If we want secure voting in Colorado from citizens with a right to vote, then we should start with photo identification to vote, and work toward proof of citizenship for voter registration.
That’s the conclusion I drew from my conversation this week with Colorado Secretary of State-elect Scott Gessler, an election law expert.
“So, if you look at the stuff that requires a legislative change – on the top of the agenda, that would be photo identification, which I talked about a lot on the campaign trail, and proof of citizenship, as well,” Gessler said. “I’ll be surprised if proof of citizenship makes it through the current state Senate, but we’ll probably get a sponsor or two in the House; and in the Senate, and at least have that debate. Because it’s at least good to have that debate even if it doesn’t go through. But I’m definitely going to push for that.”
The way it SHOULDN’T work is how I voted on Election Day in Denver: offering my utility bill and no other identification (which is allowed, under current rules). That set-up wouldn’t even get me a Denver Public Library card. Don’t believe me? Watch this…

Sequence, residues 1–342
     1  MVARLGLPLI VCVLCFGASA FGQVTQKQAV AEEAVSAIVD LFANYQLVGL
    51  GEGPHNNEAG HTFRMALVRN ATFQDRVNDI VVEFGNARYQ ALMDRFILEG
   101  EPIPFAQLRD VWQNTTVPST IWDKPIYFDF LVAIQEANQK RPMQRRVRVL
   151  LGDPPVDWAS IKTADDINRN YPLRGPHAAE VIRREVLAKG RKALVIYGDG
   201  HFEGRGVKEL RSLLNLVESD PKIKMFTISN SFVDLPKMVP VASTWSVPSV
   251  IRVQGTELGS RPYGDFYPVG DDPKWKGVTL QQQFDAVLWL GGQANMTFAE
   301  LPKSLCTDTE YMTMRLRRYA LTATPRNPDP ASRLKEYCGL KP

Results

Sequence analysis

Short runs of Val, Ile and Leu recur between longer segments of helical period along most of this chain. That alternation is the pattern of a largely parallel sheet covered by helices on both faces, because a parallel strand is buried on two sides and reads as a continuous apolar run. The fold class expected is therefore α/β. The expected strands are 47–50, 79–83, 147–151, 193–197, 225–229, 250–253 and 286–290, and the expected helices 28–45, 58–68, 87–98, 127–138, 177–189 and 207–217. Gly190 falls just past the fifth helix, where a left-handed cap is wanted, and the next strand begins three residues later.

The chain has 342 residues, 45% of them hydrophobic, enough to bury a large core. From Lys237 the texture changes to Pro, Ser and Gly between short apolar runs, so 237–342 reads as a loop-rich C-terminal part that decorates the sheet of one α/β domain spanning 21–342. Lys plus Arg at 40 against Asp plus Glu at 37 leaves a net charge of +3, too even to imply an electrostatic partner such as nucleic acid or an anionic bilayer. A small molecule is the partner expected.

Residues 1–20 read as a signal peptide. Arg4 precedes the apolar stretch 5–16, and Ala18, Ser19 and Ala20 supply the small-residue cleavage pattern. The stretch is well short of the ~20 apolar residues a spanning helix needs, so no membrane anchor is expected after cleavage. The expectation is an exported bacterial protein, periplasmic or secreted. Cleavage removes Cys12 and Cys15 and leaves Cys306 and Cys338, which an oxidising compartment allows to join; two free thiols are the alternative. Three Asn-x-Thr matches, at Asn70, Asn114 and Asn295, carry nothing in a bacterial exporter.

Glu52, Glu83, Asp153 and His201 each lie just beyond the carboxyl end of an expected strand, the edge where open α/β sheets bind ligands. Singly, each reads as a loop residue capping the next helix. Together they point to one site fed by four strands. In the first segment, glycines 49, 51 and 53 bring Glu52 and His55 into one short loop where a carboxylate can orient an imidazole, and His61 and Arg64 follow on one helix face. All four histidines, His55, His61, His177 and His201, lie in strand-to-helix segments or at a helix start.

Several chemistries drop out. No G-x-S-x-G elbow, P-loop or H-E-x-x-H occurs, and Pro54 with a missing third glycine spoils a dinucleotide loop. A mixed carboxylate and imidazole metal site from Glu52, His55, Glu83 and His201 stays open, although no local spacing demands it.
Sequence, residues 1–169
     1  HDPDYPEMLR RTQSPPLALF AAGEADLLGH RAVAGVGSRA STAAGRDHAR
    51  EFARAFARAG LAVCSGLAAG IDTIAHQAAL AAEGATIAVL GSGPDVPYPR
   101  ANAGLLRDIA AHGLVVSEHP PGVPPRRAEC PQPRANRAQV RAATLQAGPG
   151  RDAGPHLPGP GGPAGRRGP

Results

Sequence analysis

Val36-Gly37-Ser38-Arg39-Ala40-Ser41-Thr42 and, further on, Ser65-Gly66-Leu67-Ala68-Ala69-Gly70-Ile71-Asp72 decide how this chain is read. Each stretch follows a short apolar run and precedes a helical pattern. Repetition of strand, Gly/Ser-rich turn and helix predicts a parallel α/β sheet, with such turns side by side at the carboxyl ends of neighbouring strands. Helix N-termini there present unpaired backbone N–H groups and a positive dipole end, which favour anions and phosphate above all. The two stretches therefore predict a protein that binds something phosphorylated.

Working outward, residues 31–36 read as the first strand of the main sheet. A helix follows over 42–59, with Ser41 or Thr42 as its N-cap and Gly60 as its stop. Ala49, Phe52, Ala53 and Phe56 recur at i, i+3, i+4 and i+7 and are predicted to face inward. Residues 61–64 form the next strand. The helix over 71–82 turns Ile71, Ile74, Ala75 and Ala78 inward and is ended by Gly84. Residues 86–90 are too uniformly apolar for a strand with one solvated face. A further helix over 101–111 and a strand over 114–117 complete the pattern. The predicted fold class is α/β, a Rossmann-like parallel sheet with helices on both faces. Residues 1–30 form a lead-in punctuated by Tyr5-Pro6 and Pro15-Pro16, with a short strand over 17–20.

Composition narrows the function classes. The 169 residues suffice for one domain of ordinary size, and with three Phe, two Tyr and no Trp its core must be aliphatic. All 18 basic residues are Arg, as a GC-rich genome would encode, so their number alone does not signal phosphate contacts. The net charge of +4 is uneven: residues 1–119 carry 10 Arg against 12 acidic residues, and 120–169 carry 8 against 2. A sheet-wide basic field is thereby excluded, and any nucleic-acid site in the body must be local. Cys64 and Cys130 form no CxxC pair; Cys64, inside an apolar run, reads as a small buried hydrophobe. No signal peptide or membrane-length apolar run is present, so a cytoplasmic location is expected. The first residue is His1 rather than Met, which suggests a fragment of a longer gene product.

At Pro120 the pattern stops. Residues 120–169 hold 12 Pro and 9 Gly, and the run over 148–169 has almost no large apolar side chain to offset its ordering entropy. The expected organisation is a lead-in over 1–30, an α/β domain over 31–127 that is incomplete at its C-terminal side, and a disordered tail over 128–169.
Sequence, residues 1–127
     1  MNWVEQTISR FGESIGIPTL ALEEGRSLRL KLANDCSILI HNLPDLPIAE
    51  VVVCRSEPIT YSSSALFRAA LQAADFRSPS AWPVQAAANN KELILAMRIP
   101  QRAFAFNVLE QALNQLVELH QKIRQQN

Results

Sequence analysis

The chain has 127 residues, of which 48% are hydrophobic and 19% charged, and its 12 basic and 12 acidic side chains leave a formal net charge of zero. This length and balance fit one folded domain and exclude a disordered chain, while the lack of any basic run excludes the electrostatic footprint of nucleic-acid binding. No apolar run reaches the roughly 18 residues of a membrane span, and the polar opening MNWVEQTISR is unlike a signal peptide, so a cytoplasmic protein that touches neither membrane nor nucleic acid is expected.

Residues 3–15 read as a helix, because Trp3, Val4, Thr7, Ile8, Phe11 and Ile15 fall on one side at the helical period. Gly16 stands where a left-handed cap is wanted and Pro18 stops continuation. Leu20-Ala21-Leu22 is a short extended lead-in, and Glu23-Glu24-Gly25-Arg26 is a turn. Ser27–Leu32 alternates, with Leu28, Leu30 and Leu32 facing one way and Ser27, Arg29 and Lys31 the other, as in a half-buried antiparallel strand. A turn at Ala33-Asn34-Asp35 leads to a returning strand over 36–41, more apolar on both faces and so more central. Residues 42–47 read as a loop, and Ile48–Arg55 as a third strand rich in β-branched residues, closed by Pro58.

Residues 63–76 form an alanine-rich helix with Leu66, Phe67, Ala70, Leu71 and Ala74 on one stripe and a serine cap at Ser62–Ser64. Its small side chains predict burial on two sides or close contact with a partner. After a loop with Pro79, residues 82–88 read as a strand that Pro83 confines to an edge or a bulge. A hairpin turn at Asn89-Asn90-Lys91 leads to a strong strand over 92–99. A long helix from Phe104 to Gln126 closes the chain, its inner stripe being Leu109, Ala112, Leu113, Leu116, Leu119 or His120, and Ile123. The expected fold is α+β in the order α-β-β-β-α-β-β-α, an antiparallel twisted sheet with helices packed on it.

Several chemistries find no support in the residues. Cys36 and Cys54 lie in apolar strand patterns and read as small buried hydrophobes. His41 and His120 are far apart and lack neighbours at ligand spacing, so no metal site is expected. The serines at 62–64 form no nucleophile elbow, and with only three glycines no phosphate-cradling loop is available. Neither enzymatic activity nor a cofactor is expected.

I don’t know the potential for voter fraud in Colorado, but this method seems rife with possibility. So I asked Gessler: how widespread is the practice of using a utility bill, or other non-photo I.D., to cast a ballot?
“I don’t think there are statistics on that,” he said. “There may be – some clerks and recorders may keep those. I’m not aware of any on the state-wide level certainly. And that’s actually something to be looked in to when we talk about photo identification and to see what’s really going on there. And I’ll be surprised if anyone’s really been keeping track of this stuff.”
I’m hoping Gessler helps fix this when he takes office in January, and that he gets bipartisan support from the legislature and Gov.-elect John Hickenlooper.
The Texas legislature will take up a photo I.D. proposal next session, according to the Fort Worth Star-Telegram. Meanwhile, the portion of Arizona’s 2004 law that required proof of citizenship to register was recently struck down by an appeals court, reported Politico.